The fear of women: “They took the Lord away from the tomb and we don't know where they put him”

Homiletics of the Fathers of The Island of Patmos


Saint Augustine, with the acuity that distinguishes him, honestly reads what these words say: «He entered and didn't find it. He should have believed that he was resurrected, not that it had been stolen"










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While on Easter night we have read the oldest gospel story about the resurrection of Jesus, Marco's, today the beginning of the twentieth chapter of John is proclaimed, probably the last text of the Gospels on the resurrection of Jesus to be written. We are, in this way, in front of a parable that starts from what is contained and taken up by Mark, that is, a "pre-Marc" account of the passion and resurrection of Jesus and reaches up to the last story, the Johannine one, dating back to the end of the first century. The Liturgy, in the space of a single night, from the Easter Vigil to the mass on Easter day, it collects sources and traditions that have settled over several decades and allows us to enjoy the different perspectives of the evangelists. This is the proclaimed text:

Salvador Dali, The dawn, 1948

«The first day of the week, Mary Magdalene went to the tomb in the morning, when it was still dark, and he saw that the stone had been removed from the tomb. He then ran and went to Simon Peter and the other disciple, what Jesus loved, and told them: "They have taken the Lord out of the tomb and we know not where they have laid!». Peter then went out together with the other disciple and they went to the tomb. They both ran together, but the other disciple ran faster than Peter and reached the tomb first. He bent down, he saw the sheets laid there, but he did not enter. Meanwhile, Simon Pietro also arrived, who followed him, and he entered the tomb and observed the cloths laid there, and the shroud - which had been on his head - not placed there with the cloths, but wrapped in a place apart. Then the other disciple also entered, who had reached the tomb first, and he saw and believed. In fact they had not yet understood the Scripture, that is, he had to rise from the dead" (GV 20,1-9)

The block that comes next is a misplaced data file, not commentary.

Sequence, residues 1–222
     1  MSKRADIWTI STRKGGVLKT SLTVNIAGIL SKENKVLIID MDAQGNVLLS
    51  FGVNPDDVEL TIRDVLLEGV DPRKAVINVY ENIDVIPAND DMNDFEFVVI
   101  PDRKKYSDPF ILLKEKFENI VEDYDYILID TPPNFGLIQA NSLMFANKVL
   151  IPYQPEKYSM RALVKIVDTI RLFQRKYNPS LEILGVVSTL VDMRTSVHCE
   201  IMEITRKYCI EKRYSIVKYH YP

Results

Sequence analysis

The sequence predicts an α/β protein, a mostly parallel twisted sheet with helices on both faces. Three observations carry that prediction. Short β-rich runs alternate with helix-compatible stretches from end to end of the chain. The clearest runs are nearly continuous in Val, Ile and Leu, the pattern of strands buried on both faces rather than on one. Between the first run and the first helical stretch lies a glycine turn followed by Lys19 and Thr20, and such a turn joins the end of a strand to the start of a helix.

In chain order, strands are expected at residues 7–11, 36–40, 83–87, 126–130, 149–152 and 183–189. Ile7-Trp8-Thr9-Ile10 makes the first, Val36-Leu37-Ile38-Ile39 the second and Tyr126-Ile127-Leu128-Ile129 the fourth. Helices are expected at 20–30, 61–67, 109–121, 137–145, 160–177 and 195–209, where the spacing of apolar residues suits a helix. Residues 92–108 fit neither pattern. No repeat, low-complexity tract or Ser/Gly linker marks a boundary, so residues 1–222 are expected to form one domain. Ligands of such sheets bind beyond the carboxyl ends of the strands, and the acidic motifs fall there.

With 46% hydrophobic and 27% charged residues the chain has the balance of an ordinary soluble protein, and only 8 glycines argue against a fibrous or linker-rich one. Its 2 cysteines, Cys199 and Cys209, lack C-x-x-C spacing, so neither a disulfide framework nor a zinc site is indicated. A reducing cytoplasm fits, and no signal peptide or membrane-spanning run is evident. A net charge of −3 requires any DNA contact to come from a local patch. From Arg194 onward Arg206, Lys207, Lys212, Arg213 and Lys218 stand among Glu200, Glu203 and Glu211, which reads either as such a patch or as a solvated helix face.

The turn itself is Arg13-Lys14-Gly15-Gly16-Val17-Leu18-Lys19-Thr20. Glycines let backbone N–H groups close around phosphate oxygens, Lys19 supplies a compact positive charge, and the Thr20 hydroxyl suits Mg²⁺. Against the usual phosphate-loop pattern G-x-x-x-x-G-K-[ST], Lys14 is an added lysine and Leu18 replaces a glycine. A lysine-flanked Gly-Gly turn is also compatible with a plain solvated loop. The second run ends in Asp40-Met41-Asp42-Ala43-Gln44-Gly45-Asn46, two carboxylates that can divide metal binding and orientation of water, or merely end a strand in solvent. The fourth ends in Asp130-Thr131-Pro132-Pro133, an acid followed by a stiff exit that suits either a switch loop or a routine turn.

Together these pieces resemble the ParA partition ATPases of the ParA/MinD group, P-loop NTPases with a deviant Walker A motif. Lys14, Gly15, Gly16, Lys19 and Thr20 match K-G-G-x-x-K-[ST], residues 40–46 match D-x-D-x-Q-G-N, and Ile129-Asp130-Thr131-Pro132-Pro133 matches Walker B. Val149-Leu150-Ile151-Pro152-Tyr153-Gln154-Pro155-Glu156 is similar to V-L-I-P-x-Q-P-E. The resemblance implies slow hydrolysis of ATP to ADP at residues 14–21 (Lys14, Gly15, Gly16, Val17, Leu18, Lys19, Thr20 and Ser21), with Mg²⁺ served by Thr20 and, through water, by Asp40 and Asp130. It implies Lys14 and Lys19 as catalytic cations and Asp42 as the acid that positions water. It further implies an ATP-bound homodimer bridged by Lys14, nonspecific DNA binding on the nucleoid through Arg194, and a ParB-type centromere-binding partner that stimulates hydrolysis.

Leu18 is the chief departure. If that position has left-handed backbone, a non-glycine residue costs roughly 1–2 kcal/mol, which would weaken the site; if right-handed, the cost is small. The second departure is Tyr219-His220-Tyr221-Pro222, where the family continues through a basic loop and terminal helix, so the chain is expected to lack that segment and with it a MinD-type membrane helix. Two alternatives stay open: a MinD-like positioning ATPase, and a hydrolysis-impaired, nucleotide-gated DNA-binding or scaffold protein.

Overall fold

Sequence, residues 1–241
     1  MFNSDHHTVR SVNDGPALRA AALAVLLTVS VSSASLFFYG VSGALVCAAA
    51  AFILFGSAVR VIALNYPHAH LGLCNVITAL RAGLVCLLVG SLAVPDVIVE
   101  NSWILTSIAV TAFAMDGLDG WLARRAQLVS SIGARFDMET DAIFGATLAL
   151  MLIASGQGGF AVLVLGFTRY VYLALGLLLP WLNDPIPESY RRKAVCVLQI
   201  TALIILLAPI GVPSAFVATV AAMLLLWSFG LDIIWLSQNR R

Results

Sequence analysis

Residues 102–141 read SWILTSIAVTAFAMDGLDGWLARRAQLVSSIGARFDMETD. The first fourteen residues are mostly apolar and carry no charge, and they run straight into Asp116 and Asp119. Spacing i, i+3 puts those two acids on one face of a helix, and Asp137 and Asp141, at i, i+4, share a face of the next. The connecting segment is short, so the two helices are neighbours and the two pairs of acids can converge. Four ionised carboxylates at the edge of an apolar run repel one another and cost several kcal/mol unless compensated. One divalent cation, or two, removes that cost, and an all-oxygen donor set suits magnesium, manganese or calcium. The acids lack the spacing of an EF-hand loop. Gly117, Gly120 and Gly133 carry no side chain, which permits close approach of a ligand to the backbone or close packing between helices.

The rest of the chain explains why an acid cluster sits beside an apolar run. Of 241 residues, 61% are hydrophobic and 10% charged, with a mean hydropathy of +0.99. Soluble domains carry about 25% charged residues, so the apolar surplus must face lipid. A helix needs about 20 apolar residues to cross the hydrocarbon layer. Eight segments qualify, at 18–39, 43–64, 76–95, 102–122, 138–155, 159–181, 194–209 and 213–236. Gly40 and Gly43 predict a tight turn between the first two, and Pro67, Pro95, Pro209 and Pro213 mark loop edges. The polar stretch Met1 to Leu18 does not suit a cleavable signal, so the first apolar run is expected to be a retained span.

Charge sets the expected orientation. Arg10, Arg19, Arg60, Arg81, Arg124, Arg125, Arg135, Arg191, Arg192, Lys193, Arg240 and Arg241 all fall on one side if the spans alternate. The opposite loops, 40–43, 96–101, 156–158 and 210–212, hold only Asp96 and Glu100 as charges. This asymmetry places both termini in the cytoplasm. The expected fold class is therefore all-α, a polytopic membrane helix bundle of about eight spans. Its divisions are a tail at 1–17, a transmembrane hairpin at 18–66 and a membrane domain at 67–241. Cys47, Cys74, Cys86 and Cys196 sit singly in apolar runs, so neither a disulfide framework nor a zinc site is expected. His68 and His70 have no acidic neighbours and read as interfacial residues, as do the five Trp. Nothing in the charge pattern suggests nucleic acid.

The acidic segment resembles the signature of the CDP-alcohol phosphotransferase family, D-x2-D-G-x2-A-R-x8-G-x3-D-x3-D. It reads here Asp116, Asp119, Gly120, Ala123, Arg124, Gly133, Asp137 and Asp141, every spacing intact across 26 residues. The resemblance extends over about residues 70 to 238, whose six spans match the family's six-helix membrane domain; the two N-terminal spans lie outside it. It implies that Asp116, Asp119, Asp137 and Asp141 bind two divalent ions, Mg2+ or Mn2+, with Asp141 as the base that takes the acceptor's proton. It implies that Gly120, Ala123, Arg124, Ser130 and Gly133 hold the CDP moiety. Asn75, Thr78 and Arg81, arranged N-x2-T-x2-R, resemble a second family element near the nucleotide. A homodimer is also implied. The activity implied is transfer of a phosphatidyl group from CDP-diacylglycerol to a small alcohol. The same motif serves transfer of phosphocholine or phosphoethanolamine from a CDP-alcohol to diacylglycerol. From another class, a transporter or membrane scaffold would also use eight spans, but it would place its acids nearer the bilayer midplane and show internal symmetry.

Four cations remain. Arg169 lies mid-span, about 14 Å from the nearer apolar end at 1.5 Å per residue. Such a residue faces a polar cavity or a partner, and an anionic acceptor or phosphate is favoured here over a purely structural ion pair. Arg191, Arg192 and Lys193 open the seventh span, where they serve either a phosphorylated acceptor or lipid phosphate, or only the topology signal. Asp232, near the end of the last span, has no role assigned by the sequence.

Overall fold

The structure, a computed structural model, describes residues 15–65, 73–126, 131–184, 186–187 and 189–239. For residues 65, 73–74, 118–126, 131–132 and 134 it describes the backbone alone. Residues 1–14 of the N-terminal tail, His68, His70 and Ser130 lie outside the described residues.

Reading this passage a profound emotion grips us, the same experienced by the first witnesses of the Resurrection, a woman and two disciples. This seems to be the evangelist's intention. We would expect, indeed, a mature and convinced confession about the event, however in our text we do not yet have the Easter announcement, rather, what Mary Magdalene runs to tell the two disciples is: “They took the Lord away from the tomb and we don't know where they put him”. Maria, prey to fear and discouragement, he takes it for granted that the body of Jesus has been stolen and his concern focuses on "where" the body can now be found. The Gospel story therefore shows the genesis of the Easter faith by presenting its inchoative moment, the release of the spark that will soon become a fire. The internal journey that will lead to the cry and announcement "He is risen" passes through the awareness of the evidence of death constituted by the bandages and shroud that wrapped the body and the tomb in which it had been placed.. The Holy Gospel makes these disciples feel very close to us, to our gradual journey towards a firm faith in the Resurrection of Jesus. Full faith will be that of Thomas who says: "My Lord and my God" (GV 20,28); but not without having also had to go through the temptation of not believing and distrust.

The absence of faith in the Resurrection is symbolically anticipated by the note that "it was still dark outside" (GV 20,1) when Mary Magdalene went to the tomb. And the "dark" in Johannine symbolism refers to that which is opposed to the light (GV 1,5; 3,19), designates the problematic situation of the disciples in the absence of Jesus (GV 6,17), it is the condition of uncertainty and confusion in which those who do not follow Jesus find themselves wandering (GV 8,12), who does not believe in him (GV 12,46). In short, we are on the "first day of the week" (GV 20,1), but dawn hasn't broken yet, we are still in the dark.